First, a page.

Donald Trump has 100 days from Sunday to save his presidency, while America tries to avoid a collective nervous breakdown ahead of one of the most divisive, tension-filled elections in US history.
Coronavirus is ravaging the economy, adding steadily to a death toll already over 140,000, while undermining national trust in government institutions at every level.
Add explosive protests against racism and police brutality, leftist-led riots, flourishing right-wing conspiracy theories, and the specter of Russian meddling – and you have a country more on edge than at any time since the cataclysmic 1960s.
At the center is real estate magnate and surprise 2016 presidential victor Trump, a man who boasts he never tires of “winning” yet faces possibile humiliation on November 3.
His Democratic challenger Joe Biden, whom Trump derides as “weak,” “sleepy” and mentally incompetent, leads by double digits in some polls.
Trump is 74, Biden 77 – a match-up of two elderly white men seemingly out of step with 2020’s uprisings against racism and sexism.
One is a billionaire born into extreme privilege, while the other, with three decades in the Senate and two terms as vice president under Barack Obama, is the epitome of the professional politician.
Yet Trump vs Biden will deliver all the upheaval a confused and bitter US electorate can stomach.
Trump’s pitch boils down to claiming Biden will have Americans “cowering to radical left-wing mobs.”
And Biden, no less apocalyptic, says he’s fighting for “the soul of America.”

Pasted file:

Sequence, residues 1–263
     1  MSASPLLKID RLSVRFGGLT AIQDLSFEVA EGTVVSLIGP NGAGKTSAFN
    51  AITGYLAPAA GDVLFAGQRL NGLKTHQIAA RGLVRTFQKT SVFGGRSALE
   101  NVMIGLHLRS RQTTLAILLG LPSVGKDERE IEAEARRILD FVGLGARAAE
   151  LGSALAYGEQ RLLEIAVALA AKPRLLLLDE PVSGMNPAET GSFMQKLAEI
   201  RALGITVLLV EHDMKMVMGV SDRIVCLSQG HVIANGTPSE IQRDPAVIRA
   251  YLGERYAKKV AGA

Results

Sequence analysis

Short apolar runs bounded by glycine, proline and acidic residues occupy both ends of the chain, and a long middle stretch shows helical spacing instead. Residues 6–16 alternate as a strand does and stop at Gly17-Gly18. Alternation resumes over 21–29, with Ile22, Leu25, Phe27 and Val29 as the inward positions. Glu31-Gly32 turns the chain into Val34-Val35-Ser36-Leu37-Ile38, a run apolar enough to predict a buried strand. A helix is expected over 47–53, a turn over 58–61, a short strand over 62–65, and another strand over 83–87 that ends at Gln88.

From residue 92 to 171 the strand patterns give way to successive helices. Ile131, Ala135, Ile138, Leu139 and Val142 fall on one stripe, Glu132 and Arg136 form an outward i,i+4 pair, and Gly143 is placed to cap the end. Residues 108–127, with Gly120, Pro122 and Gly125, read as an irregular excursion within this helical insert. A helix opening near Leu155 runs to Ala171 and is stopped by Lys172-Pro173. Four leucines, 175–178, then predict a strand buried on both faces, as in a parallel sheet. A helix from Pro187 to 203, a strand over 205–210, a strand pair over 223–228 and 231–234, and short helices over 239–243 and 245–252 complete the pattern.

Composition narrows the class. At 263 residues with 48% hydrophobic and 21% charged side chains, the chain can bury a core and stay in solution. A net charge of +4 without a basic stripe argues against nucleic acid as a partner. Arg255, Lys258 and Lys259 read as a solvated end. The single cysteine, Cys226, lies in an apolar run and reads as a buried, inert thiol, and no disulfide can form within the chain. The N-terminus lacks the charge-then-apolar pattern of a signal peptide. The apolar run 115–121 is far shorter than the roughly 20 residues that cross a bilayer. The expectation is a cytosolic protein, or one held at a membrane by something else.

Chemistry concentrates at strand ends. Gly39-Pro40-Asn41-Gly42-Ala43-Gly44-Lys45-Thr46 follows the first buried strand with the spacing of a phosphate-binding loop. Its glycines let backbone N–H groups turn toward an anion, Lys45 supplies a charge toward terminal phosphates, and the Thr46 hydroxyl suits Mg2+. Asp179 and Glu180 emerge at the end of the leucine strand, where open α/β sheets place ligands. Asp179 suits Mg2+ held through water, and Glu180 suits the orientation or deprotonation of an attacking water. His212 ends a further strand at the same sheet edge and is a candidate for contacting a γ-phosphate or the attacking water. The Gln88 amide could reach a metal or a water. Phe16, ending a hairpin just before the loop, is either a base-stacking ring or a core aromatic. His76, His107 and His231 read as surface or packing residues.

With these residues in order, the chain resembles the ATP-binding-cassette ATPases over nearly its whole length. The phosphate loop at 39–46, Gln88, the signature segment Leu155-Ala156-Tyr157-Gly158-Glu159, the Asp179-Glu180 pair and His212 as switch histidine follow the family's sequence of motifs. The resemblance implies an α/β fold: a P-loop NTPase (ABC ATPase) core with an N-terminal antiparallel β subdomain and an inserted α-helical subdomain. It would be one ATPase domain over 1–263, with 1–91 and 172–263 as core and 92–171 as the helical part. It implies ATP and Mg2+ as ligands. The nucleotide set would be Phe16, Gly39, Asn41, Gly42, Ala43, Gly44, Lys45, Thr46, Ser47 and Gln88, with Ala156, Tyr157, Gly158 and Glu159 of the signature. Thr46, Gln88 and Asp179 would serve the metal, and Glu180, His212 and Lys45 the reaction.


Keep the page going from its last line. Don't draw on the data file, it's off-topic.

On Thursday, Trump canceled the traditional, big Republican convention planned in Florida next month due to coronavirus concerns. The Democrats scrapped their version weeks ago.
“It’s a different world,” Trump said.
Polls give Biden an advantage nationally, strong leads in swing states, and even a shot at Republican strongholds like Texas. Congressional Democrats, who already control the House, are eying recapture of the Senate.
Many incumbents in Trump’s predicament might at this point start planning their post-presidential libraries.
Trump presides over mass unemployment – even if this was triggered by the coronavirus shutdown – racial unrest and a growing crisis of confidence. On coronavirus, the biggest issue of the day, polls show that two-thirds of Americans have no faith in his leadership.
To boot, Trump, with overall approval ratings permanently stuck in the low 40 percent range, is the first president to seek reelection after impeachment.
Yet no one counts him out.
Belittled as a clown in 2016, he handily defeated all the top Republican establishment names for the nomination. He then came from behind to defeat the Democrats’ polished candidate Hillary Clinton.
Trump believes he still has the secret sauce.
“I’m not losing, because those are fake polls,” he insisted on Fox News last weekend. “They were fake in 2016 and now they’re even more fake.”